Teeth Like God’s Shoeshine
Posted on February 29th, 2004 by Jack Leirone
Footfalls faced untimely demise as their sound was siphoned away from them on the still and stifling silence of the USS Atlantis. One thousand horses could gallop down the hallway and trample everyone in their path and there would be no sound at all. Mute. Hallway travellers would open their smiling mouths and utter pleasant greetings to one another in a constant meteor shower from two different directions, like two star-crossed trains taking their lives on the same track…only there wasn’t one decimal of a decible to be discerned. Absolute dead air.
Occasionally, Jack Leirone required a reprise of his past. What was it to be called? His past? His future? Whatever it was, it was his end. No, no, not Jack’s. His. His. The man with teeth like God’s shoeshine. Ever since that incident…no, it wasn’t his place anymore to dwell on it, to pick the scab and let it bleed. No, surely not. It was his place to use this and a reminder. As conditioning. This was his way of preparing for the future: learning from the past. Listening and feeling and tasting and smelling and seeing everything again and again. Again. Was it worth it? Was it worth taking himself to the brink of his own death time and time again? Yes.
“Computer,” he let slip past his gated lips. “Run custom program number three-five-seven. Leirone.”
Running simulation of the cement courtyard, Boulder, Colorado, date…
“Nevermind the details.”
You may enter when ready. Safety program…deactivated.
Immediately after the doors hissed open, he was back. There was a large cement square, one hundred meters for each side, and on each of the four edges stood buildings, also grey and lifeless in the four o’clock daylight, the rolling peaks and snow-capped summits of the mountains in the background. Sky above was bright and blue, only clouds residually clinging to every point on the parabola of the horizon. The storm the night before…had left a deep wound…and healed it…all in one deft move. The stone floor was white, almost. It was almost like stepping into eternity.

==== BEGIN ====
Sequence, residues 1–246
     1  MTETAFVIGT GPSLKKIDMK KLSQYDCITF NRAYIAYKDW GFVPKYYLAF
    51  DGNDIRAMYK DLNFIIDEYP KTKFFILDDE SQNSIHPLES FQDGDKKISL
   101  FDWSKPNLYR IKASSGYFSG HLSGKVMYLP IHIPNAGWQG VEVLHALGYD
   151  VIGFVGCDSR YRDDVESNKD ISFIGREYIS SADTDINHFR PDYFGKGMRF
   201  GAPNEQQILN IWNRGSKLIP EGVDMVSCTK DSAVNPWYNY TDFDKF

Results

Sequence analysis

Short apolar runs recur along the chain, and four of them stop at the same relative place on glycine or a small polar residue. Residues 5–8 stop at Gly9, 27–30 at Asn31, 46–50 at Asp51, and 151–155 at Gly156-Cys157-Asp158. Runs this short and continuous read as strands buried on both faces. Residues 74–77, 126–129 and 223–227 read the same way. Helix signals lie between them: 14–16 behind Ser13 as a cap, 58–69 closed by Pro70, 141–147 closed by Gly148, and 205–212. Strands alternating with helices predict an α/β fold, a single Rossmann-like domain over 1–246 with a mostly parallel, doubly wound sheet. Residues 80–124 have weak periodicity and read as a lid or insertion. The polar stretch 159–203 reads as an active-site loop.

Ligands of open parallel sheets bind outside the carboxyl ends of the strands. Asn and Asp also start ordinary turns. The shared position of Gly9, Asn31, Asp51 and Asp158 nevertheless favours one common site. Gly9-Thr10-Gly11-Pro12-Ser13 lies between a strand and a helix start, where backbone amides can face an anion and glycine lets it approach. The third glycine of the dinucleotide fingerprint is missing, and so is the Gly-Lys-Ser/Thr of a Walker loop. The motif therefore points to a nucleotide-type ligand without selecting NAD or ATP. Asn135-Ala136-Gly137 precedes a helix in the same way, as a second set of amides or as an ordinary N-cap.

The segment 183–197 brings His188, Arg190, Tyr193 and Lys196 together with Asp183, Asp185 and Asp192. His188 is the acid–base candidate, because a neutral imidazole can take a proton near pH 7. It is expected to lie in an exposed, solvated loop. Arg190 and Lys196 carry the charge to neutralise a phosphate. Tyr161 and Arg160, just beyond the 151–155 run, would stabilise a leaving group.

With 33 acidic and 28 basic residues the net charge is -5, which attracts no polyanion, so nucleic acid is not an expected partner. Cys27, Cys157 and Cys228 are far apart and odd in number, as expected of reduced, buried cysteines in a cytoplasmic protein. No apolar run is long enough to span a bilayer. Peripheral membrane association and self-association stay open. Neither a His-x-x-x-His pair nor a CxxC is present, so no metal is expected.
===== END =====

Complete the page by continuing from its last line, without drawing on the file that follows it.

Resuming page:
Leirone was alone. The cement ground underneath his feet was made up of four squares, actually, their intersection in the perfect middle. He made his way there. That was where he was. Exactly at the crux of four tiny perfect canyons. Man made this place and he must have forgotten its purpose. It seemed brand new but stood erected with no use. This place was Jack Leirone’s monument circa ten years before. Alive with no niche.
Holodecks were astounding. The exact weather was portrayed and by now, Leirone was timing down each microscopic gust of wind to the last nanosecond. Leirone felt as if he was part of the program itself for with every gust of wind he relived, the same hairs on his head would shift.
“And another one from the left…” and it happened. “And a caw from a crow…” and it happened. “And here he comes.”
And it happened. Like a black ship slipping through the clouds, pearl white in the sky, he came striding with such confidence, with such determination. With that grin. In his overall darkness, there was, laid in like pearls in a lunar eclipse, were teeth like God’s shoeshine, bright and beaming, visible from afar, while he himself was still a narrow stripe of black. What did he have to be so happy about? All he did, all he knew, was murder. He slays therefore he is. Leirone at least had morals. At least he had hobbies. Friends. Real friends out of which he did not secretly want something.
THE NEXT THIRTY MINUTES WERE LIKE NOTHING.
Bleeding and broken, Jack Leirone lay nearly dead on the pavement, his cheek feeling the tiny rocks pressing into his bone through his skin. Blood had been spat onto the grey plane sideways in his vision, now going vertical. Before he let himself die in the holodeck, he cancelled the program.
Never before in all of his experiences, killing people and fighting, had he ever come so close to the eternal sleep, forced upon him like a guillotine. That grin was like a flashlight on him that fading day. And it was time to stop. Leirone could barely keep himself contained.
THE PAST FEW YEARS WERE LIKE NOTHING.